Taking a view: A London expression for forming an opinion as to where market prices are headed and acting on it.

Taking delivery:
Refers to the buyer's actually assuming possession from the seller of the asset agreed upon in a forward contract or a futures contract.

Tandem programs:
Under Ginnie Mae, mortgage funds provided at below-market rates to residential mortgage buyers with FHA Section 203 and 235 loans and to developers of multifamily projects with Section 236 loans initially and later with Section 221(d)(4) loans.

TANs (tax anticipation notes): Tax anticipation notes issued by states or municipalities to finance current operations in anticipation of future tax receipts.

Tangible asset: An asset whose value depends on particular physical properties. These include reproducible assets such as buildings or machinery and non-reproducible assets such as land, a mine, or a work of art. Also called real assets.

Target cash balance: Optimal amount of cash for a firm to hold, considering the trade-off between the opportunity costs of holding too much cash and the trading costs of holding too little cash.

Target firm: A firm that is the object of a takeover by another firm.

Target payout ratio:
A firm's long-run dividend-to-earnings ratio. The firm's policy is to attempt to pay out a certain percentage of earnings, but it pays a stated dollar dividend and adjusts it to the target as base-line increases in earnings occur.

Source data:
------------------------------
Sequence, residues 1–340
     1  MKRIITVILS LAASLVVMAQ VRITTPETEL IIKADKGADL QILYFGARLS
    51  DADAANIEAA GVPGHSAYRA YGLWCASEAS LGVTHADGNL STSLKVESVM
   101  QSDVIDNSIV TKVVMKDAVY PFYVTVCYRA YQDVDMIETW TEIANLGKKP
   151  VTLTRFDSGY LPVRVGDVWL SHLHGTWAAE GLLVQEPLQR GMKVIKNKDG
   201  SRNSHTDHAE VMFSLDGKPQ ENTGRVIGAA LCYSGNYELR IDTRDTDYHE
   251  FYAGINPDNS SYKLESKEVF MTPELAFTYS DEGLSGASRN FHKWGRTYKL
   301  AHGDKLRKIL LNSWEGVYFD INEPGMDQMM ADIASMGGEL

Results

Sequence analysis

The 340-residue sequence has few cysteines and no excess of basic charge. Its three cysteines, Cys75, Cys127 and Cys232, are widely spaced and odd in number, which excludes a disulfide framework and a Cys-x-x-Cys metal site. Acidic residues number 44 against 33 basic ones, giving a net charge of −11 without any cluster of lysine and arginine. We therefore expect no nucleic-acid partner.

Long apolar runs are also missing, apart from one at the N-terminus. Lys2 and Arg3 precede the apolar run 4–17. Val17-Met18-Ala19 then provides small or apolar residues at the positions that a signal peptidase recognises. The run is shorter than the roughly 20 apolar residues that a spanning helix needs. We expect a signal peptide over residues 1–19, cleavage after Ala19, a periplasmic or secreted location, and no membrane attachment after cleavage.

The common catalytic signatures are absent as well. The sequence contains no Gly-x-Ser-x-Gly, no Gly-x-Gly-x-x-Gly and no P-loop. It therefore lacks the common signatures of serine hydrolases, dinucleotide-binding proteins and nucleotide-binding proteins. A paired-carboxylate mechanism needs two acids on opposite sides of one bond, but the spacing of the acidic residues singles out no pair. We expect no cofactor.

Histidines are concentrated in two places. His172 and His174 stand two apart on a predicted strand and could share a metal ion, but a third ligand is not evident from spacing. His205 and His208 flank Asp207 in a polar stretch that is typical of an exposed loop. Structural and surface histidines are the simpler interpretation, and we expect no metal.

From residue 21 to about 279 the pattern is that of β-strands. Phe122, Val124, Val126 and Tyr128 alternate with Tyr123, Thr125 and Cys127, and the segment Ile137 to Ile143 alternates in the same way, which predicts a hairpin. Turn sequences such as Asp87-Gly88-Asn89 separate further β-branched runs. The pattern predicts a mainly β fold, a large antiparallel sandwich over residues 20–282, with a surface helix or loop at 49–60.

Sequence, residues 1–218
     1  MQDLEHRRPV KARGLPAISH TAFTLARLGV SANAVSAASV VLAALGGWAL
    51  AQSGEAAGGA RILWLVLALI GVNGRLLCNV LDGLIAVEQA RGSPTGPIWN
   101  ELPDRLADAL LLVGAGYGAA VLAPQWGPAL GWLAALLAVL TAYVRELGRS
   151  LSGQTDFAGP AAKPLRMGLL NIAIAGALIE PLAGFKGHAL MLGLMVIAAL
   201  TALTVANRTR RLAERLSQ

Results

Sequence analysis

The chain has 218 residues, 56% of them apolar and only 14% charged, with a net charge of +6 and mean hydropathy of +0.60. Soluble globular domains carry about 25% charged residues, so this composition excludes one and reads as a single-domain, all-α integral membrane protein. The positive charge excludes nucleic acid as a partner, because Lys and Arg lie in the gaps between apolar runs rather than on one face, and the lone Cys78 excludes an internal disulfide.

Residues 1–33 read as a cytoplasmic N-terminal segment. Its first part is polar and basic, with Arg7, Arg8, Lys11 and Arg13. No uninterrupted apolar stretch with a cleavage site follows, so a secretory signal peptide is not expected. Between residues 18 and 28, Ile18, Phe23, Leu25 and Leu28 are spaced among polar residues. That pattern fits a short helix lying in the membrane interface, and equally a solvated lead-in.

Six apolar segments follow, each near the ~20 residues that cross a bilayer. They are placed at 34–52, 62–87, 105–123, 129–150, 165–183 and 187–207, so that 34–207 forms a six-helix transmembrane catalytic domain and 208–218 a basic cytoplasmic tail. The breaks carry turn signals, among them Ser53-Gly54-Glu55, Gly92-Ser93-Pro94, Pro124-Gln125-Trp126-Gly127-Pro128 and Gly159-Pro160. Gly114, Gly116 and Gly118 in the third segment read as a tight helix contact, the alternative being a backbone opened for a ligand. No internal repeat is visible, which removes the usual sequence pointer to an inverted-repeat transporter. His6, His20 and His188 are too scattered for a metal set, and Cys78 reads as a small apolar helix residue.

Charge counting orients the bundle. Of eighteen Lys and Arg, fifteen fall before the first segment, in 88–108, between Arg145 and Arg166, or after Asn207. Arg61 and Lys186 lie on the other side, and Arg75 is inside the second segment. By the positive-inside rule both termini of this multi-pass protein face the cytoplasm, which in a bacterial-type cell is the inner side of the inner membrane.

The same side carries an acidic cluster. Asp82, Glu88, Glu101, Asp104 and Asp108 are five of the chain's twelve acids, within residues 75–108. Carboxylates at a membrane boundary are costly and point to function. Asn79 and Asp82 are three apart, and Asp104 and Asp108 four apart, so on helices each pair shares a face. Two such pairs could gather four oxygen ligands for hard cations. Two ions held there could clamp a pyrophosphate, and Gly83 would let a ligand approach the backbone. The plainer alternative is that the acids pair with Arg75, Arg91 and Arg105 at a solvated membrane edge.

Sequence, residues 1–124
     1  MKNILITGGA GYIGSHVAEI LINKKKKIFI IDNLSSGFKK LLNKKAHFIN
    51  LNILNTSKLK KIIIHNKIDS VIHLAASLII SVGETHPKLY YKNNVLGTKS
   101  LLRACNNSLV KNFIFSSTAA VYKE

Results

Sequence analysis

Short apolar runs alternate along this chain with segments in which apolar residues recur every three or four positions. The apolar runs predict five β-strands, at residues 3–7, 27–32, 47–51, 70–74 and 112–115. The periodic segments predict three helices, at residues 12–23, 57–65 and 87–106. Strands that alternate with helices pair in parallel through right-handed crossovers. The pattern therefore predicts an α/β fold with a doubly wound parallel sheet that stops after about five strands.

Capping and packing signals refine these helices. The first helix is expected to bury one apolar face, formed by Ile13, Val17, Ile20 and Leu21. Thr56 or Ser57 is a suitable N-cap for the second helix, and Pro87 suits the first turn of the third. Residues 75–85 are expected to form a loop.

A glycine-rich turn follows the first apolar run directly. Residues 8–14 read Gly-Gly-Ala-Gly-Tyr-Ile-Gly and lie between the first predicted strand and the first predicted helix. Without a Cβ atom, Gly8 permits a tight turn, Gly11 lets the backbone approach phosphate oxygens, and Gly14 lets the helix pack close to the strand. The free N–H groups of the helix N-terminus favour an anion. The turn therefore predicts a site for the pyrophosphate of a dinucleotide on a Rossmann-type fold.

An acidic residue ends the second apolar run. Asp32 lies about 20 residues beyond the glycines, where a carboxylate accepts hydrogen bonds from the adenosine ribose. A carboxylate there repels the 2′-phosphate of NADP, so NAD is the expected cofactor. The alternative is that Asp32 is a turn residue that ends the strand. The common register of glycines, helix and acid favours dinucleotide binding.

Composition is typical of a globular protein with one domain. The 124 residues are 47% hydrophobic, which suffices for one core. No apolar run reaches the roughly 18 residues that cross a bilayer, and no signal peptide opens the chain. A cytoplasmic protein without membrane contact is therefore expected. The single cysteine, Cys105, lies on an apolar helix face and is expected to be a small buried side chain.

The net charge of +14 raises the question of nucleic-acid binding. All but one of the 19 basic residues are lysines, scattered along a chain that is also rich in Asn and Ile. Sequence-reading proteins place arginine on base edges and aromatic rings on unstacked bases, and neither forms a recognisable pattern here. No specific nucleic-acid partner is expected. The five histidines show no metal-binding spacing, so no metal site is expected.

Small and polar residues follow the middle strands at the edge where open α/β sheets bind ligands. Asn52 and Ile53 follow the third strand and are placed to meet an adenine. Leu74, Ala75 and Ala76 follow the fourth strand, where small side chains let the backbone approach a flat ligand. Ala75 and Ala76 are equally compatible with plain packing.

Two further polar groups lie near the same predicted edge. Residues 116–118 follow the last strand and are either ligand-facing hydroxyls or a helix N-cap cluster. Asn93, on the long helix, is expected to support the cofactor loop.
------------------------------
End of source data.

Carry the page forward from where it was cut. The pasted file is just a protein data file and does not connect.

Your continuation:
Target zone arrangement:
A monetary system under which countries pledge to maintain their exchange rates within a specific margin around agreed-upon, fixed central exchange rates.

Targeted repurchase:
The firm buys back its own stock from a potential bidder, usually at a substantial premium, to forestall a takeover attempt.

Tax anticipation bills (TABs): Special bills that the Treasury occasionally issues that mature on corporate quarterly income tax dates and can be used at face value by corporations to pay their tax liabilities.

Tax books: Set of books kept by a firm's management for the IRS that follows IRS rules. The stockholder's books follow Financial Accounting Standards Board rules.

Tax bracket: Although income tax is paid by most wage or income earners, the rate of income tax paid increases as income exceeds certain amounts, called brackets.

Tax clawback agreement: An agreement to contribute as equity to a project the value of all previously realized project-related tax benefits not already clawed back to the extent required to cover any cash deficiency of the project.